Islamabad Politics Report/ Moazzam Raza Tabassam: In 1998, on a clear and bright day in the Chagai district, Pakistan carried out a series of nuclear tests. Pakistan’s chief scientific officer said “All praise be to Allah” and pushed the button, causing the mountain to shake in a vast explosion.
28 May 2018 marks the 20th anniversary of the nuclear tests conducted by Pakistan. Pakistan was forced to take that decision as a response, in self-defence, to the nuclear tests and accompanying hostile posturing by its neighbour.
These developments unfortunately put an end to the prospect for keeping South Asia free of nuclear weapons – an objective which Pakistan had actively pursued. Notwithstanding these facts, Pakistan has remained steadfast in its commitment to non-proliferation and global peace and strategic stability.
Pakistan began to seriously pursue nuclear weapons in the 1970s, motivated by a desire to deter its powerful rival India, as well as match India’s nuclear capability. The Pakistani politician Zulfikar Ali Bhutto, who later became prime minister, claimed, “If India builds the bomb, we will eat grass or leaves—even go hungry—but we will get one of our own.”
Since 1998, Pakistan has demonstrated utmost restraint and responsibility in the stewardship of its nuclear capability. It is committed to the principle of Credible Minimum Deterrence and has persistently sought deterrence stability in the region. This objective has driven Pakistan to offer and conclude several Confidence Building Measures (CBMs) in the nuclear and conventional domains, including the 2004 Pakistan-India Joint Statement which recognized the respective nuclear capabilities of the two countries as a factor for stability. Pakistan has consistently signaled its willingness to consider further measures for risk reduction and avoidance of arms race in the region.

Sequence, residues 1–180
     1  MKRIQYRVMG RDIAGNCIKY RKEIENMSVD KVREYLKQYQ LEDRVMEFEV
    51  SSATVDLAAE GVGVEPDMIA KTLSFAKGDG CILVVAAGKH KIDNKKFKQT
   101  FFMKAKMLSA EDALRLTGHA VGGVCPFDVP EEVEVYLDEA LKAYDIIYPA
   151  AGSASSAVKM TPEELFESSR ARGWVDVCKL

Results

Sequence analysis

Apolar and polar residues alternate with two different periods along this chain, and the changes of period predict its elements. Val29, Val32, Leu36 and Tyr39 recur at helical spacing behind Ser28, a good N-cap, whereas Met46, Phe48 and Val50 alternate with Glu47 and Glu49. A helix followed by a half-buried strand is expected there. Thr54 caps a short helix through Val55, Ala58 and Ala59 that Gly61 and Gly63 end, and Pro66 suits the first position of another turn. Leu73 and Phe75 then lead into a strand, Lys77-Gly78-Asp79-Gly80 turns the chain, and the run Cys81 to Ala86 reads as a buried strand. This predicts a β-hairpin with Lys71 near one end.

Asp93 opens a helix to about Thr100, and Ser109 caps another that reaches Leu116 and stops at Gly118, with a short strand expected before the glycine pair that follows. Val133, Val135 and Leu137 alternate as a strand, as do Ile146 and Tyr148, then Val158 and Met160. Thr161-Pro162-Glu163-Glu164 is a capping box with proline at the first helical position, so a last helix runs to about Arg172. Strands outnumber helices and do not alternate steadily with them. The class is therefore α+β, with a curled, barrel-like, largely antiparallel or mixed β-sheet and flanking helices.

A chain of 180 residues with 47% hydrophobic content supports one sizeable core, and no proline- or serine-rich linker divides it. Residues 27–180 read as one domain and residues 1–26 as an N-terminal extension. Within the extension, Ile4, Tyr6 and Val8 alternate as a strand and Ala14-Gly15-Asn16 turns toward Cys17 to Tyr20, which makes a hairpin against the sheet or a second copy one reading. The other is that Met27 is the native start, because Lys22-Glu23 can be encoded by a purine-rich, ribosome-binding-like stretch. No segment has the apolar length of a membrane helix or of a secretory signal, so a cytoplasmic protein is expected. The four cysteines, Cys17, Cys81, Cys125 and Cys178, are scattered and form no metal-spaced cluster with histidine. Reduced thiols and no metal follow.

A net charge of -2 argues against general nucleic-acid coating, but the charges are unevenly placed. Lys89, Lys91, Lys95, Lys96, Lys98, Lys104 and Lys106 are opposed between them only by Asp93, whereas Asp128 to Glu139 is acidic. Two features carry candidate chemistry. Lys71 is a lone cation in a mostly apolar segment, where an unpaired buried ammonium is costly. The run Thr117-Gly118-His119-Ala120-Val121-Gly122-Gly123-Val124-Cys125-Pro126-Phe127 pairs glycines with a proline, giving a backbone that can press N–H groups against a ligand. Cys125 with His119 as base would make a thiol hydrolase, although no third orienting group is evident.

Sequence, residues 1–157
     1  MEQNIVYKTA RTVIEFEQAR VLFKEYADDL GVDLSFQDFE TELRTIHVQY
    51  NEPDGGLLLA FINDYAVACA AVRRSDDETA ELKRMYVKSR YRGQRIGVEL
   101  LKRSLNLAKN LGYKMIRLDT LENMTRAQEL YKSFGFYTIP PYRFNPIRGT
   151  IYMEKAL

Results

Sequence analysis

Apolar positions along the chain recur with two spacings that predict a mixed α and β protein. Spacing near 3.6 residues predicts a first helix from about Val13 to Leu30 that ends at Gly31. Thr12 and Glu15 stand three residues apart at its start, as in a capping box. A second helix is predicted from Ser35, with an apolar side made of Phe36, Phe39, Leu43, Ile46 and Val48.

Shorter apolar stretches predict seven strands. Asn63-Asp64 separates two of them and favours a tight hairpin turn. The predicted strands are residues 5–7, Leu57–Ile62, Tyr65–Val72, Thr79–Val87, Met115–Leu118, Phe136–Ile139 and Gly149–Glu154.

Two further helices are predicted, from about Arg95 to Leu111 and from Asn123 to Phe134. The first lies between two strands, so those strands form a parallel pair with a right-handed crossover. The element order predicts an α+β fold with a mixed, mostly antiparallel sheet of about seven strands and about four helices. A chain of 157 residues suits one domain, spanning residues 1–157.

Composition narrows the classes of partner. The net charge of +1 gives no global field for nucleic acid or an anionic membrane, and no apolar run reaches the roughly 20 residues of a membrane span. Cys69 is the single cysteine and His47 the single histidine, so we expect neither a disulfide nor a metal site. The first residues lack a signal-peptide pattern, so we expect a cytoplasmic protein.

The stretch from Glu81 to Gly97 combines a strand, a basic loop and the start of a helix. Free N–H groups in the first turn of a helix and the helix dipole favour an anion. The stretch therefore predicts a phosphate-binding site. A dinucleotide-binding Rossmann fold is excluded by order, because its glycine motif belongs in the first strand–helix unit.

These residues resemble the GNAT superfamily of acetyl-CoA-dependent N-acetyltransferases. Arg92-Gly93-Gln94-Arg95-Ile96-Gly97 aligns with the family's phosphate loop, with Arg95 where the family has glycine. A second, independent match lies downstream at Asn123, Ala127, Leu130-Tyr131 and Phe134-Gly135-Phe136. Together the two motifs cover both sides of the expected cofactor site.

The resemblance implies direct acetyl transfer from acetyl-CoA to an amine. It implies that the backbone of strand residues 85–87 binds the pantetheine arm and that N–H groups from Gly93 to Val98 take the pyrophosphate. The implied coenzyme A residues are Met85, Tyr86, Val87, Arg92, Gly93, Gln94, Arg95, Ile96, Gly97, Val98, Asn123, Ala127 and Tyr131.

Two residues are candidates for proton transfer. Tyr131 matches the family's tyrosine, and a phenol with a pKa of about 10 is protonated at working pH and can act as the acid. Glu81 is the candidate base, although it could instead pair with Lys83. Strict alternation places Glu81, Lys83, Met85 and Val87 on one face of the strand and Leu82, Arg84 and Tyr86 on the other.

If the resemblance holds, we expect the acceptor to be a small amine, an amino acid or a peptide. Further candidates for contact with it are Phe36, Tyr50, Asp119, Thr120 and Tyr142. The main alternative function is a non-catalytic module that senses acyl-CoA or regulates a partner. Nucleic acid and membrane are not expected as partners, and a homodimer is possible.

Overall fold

At the same time, Pakistan remains confident of its ability to deny space for any misadventure against the backdrop of rapidly expanding nuclear and conventional forces in its neighbourhood, deployment of BMD and pursuit of aggressive security doctrines and developing force postures. The nuclearization of the Indian Ocean and canesterization of ballistic missiles in our neighbourhood should be a matter of concern for the international community as well, since these developments have extra-regional ramifications.
Cognizant of its responsibility as a state with nuclear capability, Pakistan has over the years developed robust command and control systems led by the National Command Authority, effective nuclear safety and security regimes and export controls which are at par with the contemporary international standards. Pakistan has taken significant measures to ensure comprehensive nuclear security which have been acknowledged internationally.
Pakistan is also proud of its accomplishments in harnessing nuclear technology for peace, progress and prosperity. Nuclear technology has been successfully employed for the benefit of the people in areas of medicine, health, agriculture, industry, food preservation, water management and power generation. Being one of the most affected countries due to the impact of climate change, Pakistan plans to increase its nuclear power generation capacity to 40000 MW by 2050, as a clean and cost-effective alternative to fossil fuel. Pakistan looks forward to expanding the scope of its international collaboration in nuclear power generation for meeting the legitimate socio-economic development needs of its people.
As a country with advanced nuclear technology, Pakistan seeks to play its role as a mainstream partner in the global non-proliferation regime. Pakistan has also expressed its desire to join the multilateral export control regimes and has already applied for participation in the Nuclear Suppliers Group (NSG) based on non-discriminatory criteria applicable in a fair manner to all non-NPT states.